WSU's experts give tips to prevent stress during finals

Students are beginning to feel the pressure as finals week quickly approaches. Stress can take a toll on students’ health, mentally and physically, but there are many ways to handle stress to help prevent it from taking over.

Michael Olpin, Weber State University professor and director of health promotions, said he sometimes likes to make a list of things to do, and always at the top of his list is aerobic exercise.

“Stress is a response designed so that you run from something,” he said. “That’s its only purpose, to keep you safe when you’re in danger. When you exercise, you are actually following through with that message and doing what you have been telling yourself to do anyway. Whenever you get stressed, you’re telling yourself to go running, so the best thing to do is go running.”

Stress can lower a person’s immune system, which can eventually cause the body to get sick. There are many ways for students to avoid becoming sick when the pressure of finals begins to rise.

“Being physically active strengthens your immune system; you’re less likely to get sick,” said Kimber Harding, Student Wellness Center coordinator. “Sleep, exercise and a well-balanced diet is really key when preventing illness. Hand washing this time of year is a really big deal, and disinfecting things. Flu shot season is usually at the beginning of fall to protect you through spring not that you can’t get it other times of the year.”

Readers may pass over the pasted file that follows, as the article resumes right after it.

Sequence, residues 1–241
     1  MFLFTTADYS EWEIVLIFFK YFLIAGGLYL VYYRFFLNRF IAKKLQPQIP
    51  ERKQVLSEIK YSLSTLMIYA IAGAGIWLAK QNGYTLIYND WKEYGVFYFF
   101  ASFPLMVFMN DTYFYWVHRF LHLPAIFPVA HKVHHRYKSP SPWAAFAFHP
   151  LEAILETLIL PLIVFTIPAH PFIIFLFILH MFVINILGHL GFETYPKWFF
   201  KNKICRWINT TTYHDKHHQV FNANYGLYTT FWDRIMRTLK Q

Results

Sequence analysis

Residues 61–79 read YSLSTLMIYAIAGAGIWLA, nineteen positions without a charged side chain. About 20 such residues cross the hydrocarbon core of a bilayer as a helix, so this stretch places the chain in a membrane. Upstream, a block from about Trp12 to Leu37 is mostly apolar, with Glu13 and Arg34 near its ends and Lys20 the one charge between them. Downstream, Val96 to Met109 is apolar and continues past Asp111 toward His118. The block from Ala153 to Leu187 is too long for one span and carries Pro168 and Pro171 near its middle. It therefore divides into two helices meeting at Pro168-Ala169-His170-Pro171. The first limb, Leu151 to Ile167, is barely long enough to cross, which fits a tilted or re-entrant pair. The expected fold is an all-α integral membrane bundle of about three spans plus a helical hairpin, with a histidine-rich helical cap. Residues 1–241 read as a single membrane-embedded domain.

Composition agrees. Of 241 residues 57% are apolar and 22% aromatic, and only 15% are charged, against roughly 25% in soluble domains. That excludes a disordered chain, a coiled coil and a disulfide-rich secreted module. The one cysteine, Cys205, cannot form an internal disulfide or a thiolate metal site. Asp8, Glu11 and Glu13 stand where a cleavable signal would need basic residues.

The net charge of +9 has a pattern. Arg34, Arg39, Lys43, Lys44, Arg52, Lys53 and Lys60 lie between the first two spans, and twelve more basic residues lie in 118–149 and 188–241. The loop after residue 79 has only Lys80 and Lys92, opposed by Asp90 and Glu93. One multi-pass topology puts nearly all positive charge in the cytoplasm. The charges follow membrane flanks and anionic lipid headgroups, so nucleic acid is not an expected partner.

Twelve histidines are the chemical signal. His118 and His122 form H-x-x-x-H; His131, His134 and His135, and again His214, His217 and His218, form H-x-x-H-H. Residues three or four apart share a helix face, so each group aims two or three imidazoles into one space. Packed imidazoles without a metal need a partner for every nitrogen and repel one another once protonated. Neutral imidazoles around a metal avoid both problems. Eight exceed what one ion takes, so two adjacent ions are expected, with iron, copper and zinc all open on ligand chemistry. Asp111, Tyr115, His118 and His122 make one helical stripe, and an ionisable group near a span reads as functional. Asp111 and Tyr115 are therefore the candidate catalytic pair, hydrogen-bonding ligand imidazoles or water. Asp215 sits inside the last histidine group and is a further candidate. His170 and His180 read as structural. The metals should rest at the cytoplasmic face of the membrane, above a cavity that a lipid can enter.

Students can also be at an increased risk of having heart attacks, strokes or even diabetes, which can be caused by lack of sleep, no exercise and poor diet.

“What I have noticed with college students is that a lot of the healthy things they were doing kind of drop off when they are in college,” said London Draper Lowe, nursing professor. “So they may have been getting plenty of sleep, but now they are up doing their homework all night, so they aren’t getting the sleep they need.”

WSU students have many options on campus to help relieve stress. The Stress Relief Center is a place where students can go to relax and use massaging chairs, inversion tables and many other services. Located on the second floor of the Swenson Gym in Room 60, the center is open Monday through Friday from 8:30 a.m. to 4:30 p.m.

“We live in a pretty stressful world, and stress management skills are not where they ought to be in order to deal with some of the issues people are being confronted with, as far as the economy, jobs and life in general,” said Sherri Jensen, adviser for health promotion and human performance. “Students can exercise, pay attention to what they eat and eat more regularly. Oftentimes students skip meals and then eat more later because their body thinks they are starving.”

Along with healthy eating and exercise, it is recommended that students balance school, family and friends. When students lack involvement with their friends and family, they have no one to vent to, which can cause more stress. If students only focus on school, they may not be taking time for fun.

Olpin said students should “stay in the moment,” working to keep their minds where they are instead of worrying about future stressors.

“Practice yoga, meditate just do those things that we know are really, really good for stress reduction,” he said. Students shouldn’t “saturate their lives with school. Keep a balance of time with friends, time with family.”